In addition to hefty legislative priorities and the confirmation of Supreme Court nominee Sonia Sotomayor, Reid has a backlog of two-dozen executive nominations awaiting floor consideration. The Majority Leader has had to use procedural rules to break GOP opposition on several nominations so far this year.

“We of course want to confirm all of these nominees as quickly as possible,” Reid spokeswoman Regan LaChapelle said in a statement Wednesday. “It is unfortunate to have to use precious floor time on these nominations, all of which so far have eventually been confirmed. We have so many important issues to address and the president needs his full team.”

Press Release from Sen. Tom Carper

Thursday, June 25th, 2009

FOR IMMEDIATE RELEASE: June 25, 2009

CONTACT: Bette Phelan (202) 224-2441

SEN. CARPER URGES SENATE TO APPROVE CENSUS DIRECTOR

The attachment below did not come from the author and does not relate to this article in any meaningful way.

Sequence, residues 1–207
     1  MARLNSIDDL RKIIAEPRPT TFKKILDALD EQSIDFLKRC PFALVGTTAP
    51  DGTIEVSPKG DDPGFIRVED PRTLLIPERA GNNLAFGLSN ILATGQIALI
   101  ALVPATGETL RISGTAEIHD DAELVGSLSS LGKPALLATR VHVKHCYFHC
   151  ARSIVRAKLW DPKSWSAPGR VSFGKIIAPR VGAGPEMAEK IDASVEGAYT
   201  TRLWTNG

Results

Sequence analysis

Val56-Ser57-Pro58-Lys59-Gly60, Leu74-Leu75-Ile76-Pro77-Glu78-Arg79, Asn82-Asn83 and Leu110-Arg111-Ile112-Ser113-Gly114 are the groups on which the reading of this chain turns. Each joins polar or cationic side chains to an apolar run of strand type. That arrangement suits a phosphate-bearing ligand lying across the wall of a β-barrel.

WASHINGTON (June 25, 2009) – Sen. Tom Carper (D-Del.), chairman of the Senate subcommittee that oversees the Census Bureau, issued the following statement today after urging the Senate to vote to confirm a new Census Director:

“We are just six months away from the first surveys going out nationwide for the decennial census, and already the Census Bureau has encountered serious challenges that threaten to jeopardize the success and cost-effectiveness of the 2010 Census.

“We are very fortunate to have Dr. Robert Groves as the nominee for Director of the Census Bureau. He is a qualified, experienced candidate who has received support by members on both sides of the aisle, and yet the Senate has failed to vote to confirm him.

“A leaderless Census Bureau is not likely to pull off an accurate count or to avoid the costly mistakes that have already plagued preparations for the upcoming census.

“Addressing these problems and getting the 2010 Census back on track gets harder each day the Senate delays confirmation of Dr. Groves.

“I urge my Senate colleagues to put partisanship aside.